Once your lender decides that 7(a) money is what you need, you'll probably start hearing the names of the different 7(a) programs. For example if you're borrowing less than $150,000, you may be headed toward the Lowdoc program, which was created in 1993 to reduce burdensome paperwork. A Lowdoc loan application is a one-page form; your application is on one side and the lender's request to the SBA for the guaranty for your loan is on the other. The SBA responds to Lowdoc applications within 36 hours.

The SBA Express is a program for lenders with a good SBA-lending track record. It's aimed at getting money--in this case, as much as $250,000--quickly into the hands of entrepreneurs. Based on the success of the SBA Express program, the SBA initiated CommunityExpress, specifically designed to improve access to capital for low- and moderate-income entrepreneurs and to provide both pre- and post-loan technical assistance.

The eligibility criteria for the 7(a) program are the broadest of all the SBA loan programs, but they're still quite restrictive for startups and businesses related to financial services. See this pageon the SBA's website for a list of the types of business that are eligible. In general, all SBA programs are targeted at small companies (that is, businesses with less than $7 million in tangible net worth and less than $2.5 million in net income), but typically most banks won't lend to startup businesses that don't have two to three years' worth of financial statements and some owner's equity in the business. Some banks will allow you to use money from relatives as part of your equity, but you're required to formalize these loans with a repayment plan that's subordinate to the bank debt.

  • 504 Loan Program. The 504 loan program is intended to supply funds for asset purchases, such as land or equipment. Typically, the asset purchase is funded by a loan from a bank or other lender in your area, along with a second loan from a certified development company (CDC) that's funded with an SBA guarantee for up to 40 percent of the value of the asset--which is generally a loan of up to $1 million--and a contribution of 10 percent from the equity of the borrower. This financing structure helps the primary lender--the bank--reduce its exposure by relying on the CDC and the SBA to shoulder much of the risk.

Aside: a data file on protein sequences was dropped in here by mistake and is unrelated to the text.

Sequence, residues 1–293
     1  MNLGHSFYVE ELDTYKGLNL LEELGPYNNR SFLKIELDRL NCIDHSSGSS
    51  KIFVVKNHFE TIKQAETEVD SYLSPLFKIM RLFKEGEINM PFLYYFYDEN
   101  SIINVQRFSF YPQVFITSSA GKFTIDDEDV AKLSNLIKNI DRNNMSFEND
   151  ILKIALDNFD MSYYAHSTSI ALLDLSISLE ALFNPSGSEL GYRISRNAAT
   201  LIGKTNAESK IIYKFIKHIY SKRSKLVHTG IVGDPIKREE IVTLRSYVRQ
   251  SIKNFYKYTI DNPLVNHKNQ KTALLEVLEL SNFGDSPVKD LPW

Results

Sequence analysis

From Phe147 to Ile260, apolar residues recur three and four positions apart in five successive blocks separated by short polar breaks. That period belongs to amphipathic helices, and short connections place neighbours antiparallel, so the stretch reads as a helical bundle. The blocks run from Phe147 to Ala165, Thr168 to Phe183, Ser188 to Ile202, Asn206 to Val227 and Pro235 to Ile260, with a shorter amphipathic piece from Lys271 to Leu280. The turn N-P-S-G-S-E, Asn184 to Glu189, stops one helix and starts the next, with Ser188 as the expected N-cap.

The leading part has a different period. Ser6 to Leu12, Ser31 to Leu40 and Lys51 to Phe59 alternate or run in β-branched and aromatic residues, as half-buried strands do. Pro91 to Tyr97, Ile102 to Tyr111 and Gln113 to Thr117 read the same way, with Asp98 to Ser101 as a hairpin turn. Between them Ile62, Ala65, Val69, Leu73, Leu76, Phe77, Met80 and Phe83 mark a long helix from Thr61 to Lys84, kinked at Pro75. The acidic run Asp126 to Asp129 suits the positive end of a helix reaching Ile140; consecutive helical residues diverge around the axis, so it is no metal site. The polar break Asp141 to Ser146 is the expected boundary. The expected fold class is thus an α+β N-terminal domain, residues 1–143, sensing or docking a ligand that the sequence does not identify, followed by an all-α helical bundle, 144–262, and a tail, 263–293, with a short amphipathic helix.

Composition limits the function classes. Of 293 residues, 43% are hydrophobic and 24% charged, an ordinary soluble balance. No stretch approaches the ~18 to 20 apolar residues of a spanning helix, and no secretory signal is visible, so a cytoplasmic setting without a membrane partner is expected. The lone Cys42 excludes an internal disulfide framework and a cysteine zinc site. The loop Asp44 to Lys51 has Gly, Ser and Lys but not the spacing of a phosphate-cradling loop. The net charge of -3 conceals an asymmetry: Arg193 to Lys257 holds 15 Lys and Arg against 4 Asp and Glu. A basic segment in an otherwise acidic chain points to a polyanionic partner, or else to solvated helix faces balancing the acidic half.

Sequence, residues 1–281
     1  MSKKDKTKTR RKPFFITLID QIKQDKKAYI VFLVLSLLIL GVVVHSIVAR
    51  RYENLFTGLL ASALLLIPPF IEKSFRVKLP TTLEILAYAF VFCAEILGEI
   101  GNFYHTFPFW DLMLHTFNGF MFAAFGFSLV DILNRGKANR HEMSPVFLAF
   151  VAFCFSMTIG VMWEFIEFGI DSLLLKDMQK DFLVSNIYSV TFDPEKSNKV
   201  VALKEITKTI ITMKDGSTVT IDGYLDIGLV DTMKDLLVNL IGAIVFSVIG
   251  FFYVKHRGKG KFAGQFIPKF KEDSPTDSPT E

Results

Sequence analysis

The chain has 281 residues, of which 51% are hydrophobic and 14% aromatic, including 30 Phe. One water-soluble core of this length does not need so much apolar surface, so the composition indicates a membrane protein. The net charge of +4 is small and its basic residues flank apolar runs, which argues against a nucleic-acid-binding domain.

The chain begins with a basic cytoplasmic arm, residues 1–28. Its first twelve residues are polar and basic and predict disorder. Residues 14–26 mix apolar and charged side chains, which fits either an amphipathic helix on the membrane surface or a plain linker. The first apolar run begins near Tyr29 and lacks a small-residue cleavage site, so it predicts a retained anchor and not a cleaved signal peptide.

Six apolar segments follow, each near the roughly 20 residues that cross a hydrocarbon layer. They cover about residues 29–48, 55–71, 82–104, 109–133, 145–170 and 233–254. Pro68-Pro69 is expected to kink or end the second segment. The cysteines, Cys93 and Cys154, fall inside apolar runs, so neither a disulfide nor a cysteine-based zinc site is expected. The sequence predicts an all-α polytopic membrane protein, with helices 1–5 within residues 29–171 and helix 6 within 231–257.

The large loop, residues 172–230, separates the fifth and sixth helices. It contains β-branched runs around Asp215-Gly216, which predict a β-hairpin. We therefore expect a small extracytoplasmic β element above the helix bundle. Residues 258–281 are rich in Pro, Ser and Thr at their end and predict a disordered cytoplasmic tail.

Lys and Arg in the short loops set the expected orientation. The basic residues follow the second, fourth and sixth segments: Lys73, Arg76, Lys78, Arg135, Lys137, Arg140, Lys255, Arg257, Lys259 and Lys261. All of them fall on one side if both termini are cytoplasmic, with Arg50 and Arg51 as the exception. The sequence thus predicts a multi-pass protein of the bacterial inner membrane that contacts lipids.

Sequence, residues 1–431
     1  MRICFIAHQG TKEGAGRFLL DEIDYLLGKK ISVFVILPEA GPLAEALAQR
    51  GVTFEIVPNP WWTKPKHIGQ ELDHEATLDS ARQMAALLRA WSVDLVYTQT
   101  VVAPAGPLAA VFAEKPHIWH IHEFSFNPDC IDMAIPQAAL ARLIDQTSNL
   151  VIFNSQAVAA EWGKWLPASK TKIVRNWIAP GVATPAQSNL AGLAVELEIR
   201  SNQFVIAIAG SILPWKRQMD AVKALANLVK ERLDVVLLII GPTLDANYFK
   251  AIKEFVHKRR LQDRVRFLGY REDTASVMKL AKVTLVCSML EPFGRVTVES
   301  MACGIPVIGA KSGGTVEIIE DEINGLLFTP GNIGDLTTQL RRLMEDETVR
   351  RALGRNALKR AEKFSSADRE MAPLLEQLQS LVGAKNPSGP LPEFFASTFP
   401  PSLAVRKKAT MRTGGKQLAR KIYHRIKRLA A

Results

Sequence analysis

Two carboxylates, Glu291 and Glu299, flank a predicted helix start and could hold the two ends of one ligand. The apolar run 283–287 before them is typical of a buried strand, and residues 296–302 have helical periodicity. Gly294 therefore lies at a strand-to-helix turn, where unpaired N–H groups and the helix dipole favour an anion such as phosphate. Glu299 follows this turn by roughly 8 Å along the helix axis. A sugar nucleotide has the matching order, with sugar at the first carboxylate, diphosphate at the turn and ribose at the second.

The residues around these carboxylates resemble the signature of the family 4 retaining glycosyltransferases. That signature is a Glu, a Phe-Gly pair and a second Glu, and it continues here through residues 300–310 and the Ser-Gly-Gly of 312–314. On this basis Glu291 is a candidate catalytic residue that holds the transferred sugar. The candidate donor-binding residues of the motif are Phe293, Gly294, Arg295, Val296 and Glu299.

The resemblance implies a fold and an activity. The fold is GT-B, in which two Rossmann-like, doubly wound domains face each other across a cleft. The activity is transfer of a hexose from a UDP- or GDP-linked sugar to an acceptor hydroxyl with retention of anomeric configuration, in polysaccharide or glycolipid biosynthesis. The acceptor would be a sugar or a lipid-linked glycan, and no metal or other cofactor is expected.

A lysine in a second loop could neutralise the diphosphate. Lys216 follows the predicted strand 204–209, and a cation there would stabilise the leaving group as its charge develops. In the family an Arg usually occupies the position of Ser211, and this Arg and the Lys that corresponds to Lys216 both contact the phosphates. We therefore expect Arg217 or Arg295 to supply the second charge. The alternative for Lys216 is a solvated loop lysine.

Like the 7(a) program, the 504 program is restricted to small businesses with less than $7 million in tangible net worth and less than $2.5 million in net income. However, since funds from 504 loans can't be used for working capital or inventory, consolidating or repaying debt, or refinancing, this program tends to exclude most service businesses that need to purchase land or equipment. Personal guarantees are also required for 504 loans.

  • 7(m) Microloan Program. The program is intended to provide "small" loans of up to $35,000 that can be used for a broad range of purposes to start and grow a business. Unlike the 7(a) program, the funds to be loaned don't come from banks; rather, they come directly from the SBA and are administered to business owners via nonprofit community-based intermediaries. To find the name of an intermediary micro-lender in your area, visit this pageof the SBA's website.

The Microloan program is friendlier to startups than established businesses because the "catch" to the Microloan program is borrowers typically have to enroll in technical assistance classes administered by the micro-lender intermediaries. For some entrepreneurs, this is a very helpful resource that provides cost-effective business training. Others, however, perceive it as a waste of time, although it's a necessary pre-condition to getting a Microloan.